La Lingua Universale

In-between this morning’s workshop and afternoon’s meetings, I stopped by the Collegio Romano to see one of the exhibitions mentioned in an earlier blog post, “Le tre età: Masaccio Caravaggio Tiepolo,” an exhibit of the drawings of Giancarlo Micheli.  The drawings – maps, sketches, watercolors, notebooks, notes – were beautiful (I think I described them as “achingly” beautiful in an e-mail to the students) and were exhibited in the Sala della Crociera, part of the Collegio’s spectacular library.   Micheli’s exhibit is tailor-made for our course project here in Roma and is definitely worth a repeat visit.

There weren’t many people in the Hall, but I spoke to an old Italian architect wandering up and down the exhibit aisle and although he spoke very little  English and my Italian is deplorable (“Ayuto!  Per Favore!  Grazie!”), he asked to see my sketchbook and flipped through it.  He was quiet for a while, smiled and gestured at Micheli’s works with my moleskin, handed it back and said, in perfect English – “The Universal Language.”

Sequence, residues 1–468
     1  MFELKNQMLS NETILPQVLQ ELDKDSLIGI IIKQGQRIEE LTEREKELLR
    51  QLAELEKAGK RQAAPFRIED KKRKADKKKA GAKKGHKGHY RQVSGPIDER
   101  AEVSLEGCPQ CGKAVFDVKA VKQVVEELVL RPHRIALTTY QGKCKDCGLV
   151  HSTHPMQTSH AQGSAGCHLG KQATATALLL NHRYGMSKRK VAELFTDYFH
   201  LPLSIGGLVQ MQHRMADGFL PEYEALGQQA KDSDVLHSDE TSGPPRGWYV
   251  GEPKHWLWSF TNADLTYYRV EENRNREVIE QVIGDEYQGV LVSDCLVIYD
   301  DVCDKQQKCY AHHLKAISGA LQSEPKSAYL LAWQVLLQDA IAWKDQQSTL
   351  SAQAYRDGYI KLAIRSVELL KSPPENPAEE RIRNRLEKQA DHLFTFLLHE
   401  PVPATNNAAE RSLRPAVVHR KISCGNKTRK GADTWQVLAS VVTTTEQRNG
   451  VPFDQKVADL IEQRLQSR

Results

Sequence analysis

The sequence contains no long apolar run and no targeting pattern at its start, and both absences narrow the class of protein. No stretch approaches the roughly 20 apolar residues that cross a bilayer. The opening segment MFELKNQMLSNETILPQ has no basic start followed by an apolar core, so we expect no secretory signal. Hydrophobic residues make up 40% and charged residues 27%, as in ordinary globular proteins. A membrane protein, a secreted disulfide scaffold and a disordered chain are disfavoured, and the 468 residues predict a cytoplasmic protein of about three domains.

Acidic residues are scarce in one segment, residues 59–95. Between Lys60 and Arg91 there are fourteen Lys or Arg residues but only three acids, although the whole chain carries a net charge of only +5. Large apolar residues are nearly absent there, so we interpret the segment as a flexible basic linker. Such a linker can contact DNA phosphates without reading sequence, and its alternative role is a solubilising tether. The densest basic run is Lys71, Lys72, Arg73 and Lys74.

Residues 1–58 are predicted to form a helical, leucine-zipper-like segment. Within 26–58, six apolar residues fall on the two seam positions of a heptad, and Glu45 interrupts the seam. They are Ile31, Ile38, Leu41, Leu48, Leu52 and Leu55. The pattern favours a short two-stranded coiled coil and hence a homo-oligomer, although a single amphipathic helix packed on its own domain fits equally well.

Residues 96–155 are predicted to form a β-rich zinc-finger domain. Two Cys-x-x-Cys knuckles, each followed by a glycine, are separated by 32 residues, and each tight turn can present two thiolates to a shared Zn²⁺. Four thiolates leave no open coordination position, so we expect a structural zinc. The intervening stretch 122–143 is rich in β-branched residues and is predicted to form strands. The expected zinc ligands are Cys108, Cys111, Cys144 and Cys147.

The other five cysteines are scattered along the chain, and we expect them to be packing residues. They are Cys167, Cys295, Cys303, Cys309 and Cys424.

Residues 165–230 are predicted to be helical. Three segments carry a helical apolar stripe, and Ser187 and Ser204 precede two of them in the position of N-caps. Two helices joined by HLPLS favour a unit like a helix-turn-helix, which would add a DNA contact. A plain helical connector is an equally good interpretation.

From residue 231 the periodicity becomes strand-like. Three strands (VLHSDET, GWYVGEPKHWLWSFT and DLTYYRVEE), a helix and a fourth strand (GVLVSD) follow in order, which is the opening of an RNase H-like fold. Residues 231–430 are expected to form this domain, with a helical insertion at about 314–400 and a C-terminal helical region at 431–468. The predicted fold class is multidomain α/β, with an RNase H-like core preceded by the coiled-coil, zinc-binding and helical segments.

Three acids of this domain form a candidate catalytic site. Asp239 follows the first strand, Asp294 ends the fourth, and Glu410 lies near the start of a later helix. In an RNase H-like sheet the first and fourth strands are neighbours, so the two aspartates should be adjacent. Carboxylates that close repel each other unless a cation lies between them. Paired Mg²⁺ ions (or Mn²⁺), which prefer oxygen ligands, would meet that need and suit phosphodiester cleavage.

This is, I hope, entirely the spirit of what we are doing here in Rome and in Istanbul – speaking to each other through our drawings.IMG_0034 IMG_0035 IMG_0036 IMG_3136 IMG_3139 IMG_3140 IMG_3141 IMG_3142 IMG_3143 IMG_3145 IMG_3152 IMG_3153 IMG_3154 IMG_3155 IMG_3168 IMG_3172 IMG_3173 IMG_3174 IMG_3176 IMG_3180

4 comments

    • Ozayr

      Tell me about it. Probably also devilishly handsome, speaks 27 languages fluently (including Esperanto) and draws while cooking Cordon Bleu meals, simultaneously also composing sonnets in iambic pentameter and writing complex scores for cello, viola and harp.

  1. Pingback: Highlights | University of Minnesota Rome -Istanbul Study Abroad Spring 2015

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